In my senior year English class, I wrote many pieces; as well as some works of poetry.  I learned early on that my best writing genre is non-fiction.  There are often moments in my life which even the most skilled and spirited writer could never dream up.  Those are the moments I remember, take copious notes about, and often document.  There was one poem that I wrote titled, The Misunderstood Child.  I submitted the poem as a weekly project in English class, and later that day, my teacher all but begged me to submit it to the annual poetry contest.

I was hesitant at first, fearing ridicule and rejection from my peers and of course my English teacher from the previous year.  My senior year English teacher begged and pleaded with me to submit my poem, and knowing the circumstances, allowed submissions to be anonymous until a winner was declared.  A week before graduation, it was announced at lunch time that I was the winner of the poetry contest.  A week later, during my high school graduation ceremony, I was asked to read my poem, The Misunderstood Child in front of the entire school.

It was a defining moment for me; the first time I was ever asked to read something I had written to a large audience.  The reaction was mixed, some laughed, others cried, though a few people came up to me afterwards to congratulate me on writing such an evocative piece.  The following year I was a freshmen in college, and I developed a passion for writing and website design, though photography would later follow.  To this day, I credit my senior year English teacher for inspiring me to write, regardless of other peoples thoughts or opinions.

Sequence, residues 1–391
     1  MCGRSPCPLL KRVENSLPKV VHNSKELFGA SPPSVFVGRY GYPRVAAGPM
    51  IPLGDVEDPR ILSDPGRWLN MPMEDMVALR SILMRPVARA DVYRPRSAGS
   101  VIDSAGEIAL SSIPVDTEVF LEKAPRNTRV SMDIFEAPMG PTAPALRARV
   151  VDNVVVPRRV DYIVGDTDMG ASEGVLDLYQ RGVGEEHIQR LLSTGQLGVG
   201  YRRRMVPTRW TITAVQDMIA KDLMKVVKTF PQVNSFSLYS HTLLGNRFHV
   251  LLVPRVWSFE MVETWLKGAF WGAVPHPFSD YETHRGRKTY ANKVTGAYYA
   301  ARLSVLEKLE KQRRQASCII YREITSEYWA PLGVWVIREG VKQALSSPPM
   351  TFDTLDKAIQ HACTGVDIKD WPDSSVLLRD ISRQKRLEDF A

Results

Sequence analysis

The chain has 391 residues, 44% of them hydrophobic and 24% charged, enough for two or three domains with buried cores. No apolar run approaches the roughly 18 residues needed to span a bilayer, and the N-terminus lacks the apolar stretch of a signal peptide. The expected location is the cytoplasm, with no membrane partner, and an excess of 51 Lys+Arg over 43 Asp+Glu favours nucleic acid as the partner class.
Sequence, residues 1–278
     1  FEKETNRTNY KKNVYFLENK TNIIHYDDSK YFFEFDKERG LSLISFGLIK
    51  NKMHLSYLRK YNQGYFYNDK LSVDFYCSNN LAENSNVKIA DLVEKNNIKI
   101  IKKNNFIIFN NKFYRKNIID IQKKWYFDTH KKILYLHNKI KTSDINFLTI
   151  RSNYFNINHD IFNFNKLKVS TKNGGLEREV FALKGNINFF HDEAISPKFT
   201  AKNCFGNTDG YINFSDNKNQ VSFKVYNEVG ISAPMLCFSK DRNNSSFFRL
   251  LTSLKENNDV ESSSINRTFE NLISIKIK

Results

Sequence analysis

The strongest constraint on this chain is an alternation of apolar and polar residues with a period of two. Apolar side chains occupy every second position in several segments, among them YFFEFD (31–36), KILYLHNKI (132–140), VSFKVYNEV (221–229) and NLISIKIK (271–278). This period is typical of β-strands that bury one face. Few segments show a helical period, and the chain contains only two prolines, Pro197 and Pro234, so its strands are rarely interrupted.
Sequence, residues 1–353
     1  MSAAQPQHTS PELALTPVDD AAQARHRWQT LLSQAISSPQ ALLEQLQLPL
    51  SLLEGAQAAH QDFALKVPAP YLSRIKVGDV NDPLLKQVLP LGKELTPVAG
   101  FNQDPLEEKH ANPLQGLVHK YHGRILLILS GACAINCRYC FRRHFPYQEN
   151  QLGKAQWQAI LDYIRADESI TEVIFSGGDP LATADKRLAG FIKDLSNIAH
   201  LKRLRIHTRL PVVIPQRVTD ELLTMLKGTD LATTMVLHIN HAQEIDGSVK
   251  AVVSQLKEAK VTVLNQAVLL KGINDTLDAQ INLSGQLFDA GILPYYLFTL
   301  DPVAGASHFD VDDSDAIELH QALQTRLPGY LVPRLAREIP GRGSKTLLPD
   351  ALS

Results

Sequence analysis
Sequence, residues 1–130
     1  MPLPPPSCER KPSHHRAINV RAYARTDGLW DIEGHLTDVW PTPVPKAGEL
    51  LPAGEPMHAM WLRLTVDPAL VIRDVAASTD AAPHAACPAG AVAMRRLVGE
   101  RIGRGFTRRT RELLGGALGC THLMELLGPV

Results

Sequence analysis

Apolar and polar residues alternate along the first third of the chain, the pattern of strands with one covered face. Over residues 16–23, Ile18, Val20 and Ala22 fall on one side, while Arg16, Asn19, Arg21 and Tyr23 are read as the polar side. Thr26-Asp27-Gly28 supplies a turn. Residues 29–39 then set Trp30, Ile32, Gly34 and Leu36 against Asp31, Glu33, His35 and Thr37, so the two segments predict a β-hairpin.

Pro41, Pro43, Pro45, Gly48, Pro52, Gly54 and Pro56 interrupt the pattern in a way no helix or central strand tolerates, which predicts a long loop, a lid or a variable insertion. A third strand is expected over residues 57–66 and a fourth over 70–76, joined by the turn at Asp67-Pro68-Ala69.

Colophon
The header image, Stand Here. was taken by meddygarnet on Flickr.  If you wish to have your photography considered for use on this blog, please submit it to the TomSlatin.com Group on Flickr.  This piece was inspired by a conversation I recently had with a friend who asked me if I had a degree in Liberal Arts, simply because my writing reflects that of a Graduate of Liberal Arts.

Asides
Ridiclous Humanities Writing Assignments | My High School English Teacher, The Lunatic Genius | Playful Beginnings: My Writing Career | The Misunderstood Child | Authors Answer 46 – Promoting with Blogs or Websites

(Visited 41 times, 1 visits today)

8 Comments on Discouragement

  • Pingback: Thomas Slatin, On Writing

  • Amy Smith Findore says:
    September 27, 2015 at 12:46 PM

    I get asked the same question, Tom, I remember everything too!

    Reply

    • Thomas W.P. Slatin says:
      September 27, 2015 at 12:56 PM

      Do you take an unusually large amount of notes on these things? I sure do.

      Reply

    • Amy Smith Findore says:
      September 27, 2015 at 2:09 PM

      No, I just realized a few years ago that I remember WAY more than most. I have pretty much a photographic memory as well.

      Reply

    • Thomas W.P. Slatin says:
      September 27, 2015 at 2:11 PM

      I take an excessive amount of notes. Or at least, the amount of notes seems excessive to other people. But hey, it’s organized, searchable, and useful when it comes time to write my blog posts. 🙂

      Reply

    • Amy Smith Findore says:
      September 27, 2015 at 7:06 PM

      Very cool. I bought a notebook the other day that I thought would be perfect for jotting things down. Random ideas and such…

      Reply

    • Thomas W.P. Slatin says:
      September 27, 2015 at 7:07 PM

      My favorite notebooks are made by Moleskine. You can find them at Target and Amazon.com.

      Reply

    • Amy Smith Findore says:
      September 27, 2015 at 7:23 PM

      Mine was just a cute roadside sale find 🙂

      Reply

Leave a Reply